The cutter honors the Coast Guard’s only Medal of Honor recipient, Douglas Munro, of South Cle Elum, who was fatally wounded in Guadalcanal in 1942.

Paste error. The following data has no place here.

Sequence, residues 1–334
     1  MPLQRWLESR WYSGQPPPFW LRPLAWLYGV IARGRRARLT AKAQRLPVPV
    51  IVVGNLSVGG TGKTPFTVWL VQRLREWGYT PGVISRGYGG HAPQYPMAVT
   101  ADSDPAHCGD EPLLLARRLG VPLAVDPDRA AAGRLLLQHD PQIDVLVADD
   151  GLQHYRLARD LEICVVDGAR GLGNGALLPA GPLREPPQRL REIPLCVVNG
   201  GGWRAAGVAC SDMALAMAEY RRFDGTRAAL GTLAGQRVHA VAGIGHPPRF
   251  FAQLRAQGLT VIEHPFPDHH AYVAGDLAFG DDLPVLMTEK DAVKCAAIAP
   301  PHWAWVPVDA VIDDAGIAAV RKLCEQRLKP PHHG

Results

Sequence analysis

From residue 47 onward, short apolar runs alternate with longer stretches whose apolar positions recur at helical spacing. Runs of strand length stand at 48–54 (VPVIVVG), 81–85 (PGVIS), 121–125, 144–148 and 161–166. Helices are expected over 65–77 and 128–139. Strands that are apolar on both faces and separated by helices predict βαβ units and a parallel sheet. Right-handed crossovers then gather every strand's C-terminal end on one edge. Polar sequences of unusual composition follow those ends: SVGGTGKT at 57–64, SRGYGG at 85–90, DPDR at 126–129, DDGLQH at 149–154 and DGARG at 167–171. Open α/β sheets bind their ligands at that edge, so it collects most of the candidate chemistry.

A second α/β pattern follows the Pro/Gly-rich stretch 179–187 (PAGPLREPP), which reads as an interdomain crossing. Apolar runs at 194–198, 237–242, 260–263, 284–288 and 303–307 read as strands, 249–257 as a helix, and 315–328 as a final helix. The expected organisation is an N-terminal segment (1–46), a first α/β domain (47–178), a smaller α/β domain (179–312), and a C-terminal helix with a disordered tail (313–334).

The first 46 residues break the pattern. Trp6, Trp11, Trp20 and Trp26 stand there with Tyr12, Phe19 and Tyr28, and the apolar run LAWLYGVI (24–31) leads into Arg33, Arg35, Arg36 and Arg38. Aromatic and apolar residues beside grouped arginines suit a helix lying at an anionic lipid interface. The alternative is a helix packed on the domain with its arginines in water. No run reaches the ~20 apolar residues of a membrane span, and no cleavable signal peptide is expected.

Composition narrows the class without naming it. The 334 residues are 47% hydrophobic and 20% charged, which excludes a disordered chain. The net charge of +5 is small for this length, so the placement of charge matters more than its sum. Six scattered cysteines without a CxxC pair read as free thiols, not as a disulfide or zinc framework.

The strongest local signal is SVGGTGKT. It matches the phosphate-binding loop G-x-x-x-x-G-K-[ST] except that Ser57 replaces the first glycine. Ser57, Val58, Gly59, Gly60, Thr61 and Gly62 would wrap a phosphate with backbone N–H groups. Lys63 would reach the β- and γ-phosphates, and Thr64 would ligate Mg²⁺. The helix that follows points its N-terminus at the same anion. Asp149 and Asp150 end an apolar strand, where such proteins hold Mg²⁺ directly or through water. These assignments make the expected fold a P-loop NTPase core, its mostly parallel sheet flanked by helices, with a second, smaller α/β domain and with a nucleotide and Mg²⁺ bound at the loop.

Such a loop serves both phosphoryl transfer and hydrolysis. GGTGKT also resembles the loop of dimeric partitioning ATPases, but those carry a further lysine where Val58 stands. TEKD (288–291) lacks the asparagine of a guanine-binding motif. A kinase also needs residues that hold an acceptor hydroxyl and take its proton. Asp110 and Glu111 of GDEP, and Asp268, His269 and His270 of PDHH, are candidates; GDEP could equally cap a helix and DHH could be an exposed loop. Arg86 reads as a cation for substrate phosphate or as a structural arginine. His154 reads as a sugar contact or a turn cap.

The 418-foot Coast Guard cutter Munro arrived Wednesday in Seattle, where it is scheduled to be commissioned at a Saturday ceremony. The cutter honors the Coast Guard’s only Medal of Honor recipient, Signalman First Class Douglas Munro, of South Cle Elum, who was killed in Guadalcanal in 1942 while rescuing a detachment of 500 U.S. Marines who were under attack, according to the Coast Guard. The Munro, which will be home-ported at Base Alameda in California, is the sixth vessel in a new generation of nine National Security Legend-class cutters that have entered Coast Guard service as part of a broader push to modernize an aging fleet. So far, they have been built at an average cost of $695 million per ship, according to the Congressional Research Service. The Legend-class vessels are the largest and most technologically sophisticated cutters in the Coast Guard fleet. With a crew of 150, each ship can tackle assignments ranging from fisheries patrols in the North Pacific to drug-interdiction duty off South America to patrols in the Western Pacific. They also can serve in support to U.S. combatant commanders. Currently, a high-endurance cutter home-ported in Alaska also is named the Munro. That vessel eventually will be decommissioned and retired from service, according to a Coast Guard public-affairs officer. Seattle is not home port to any of the new generation of National Security Cutters, and there are no plans to base one in the city.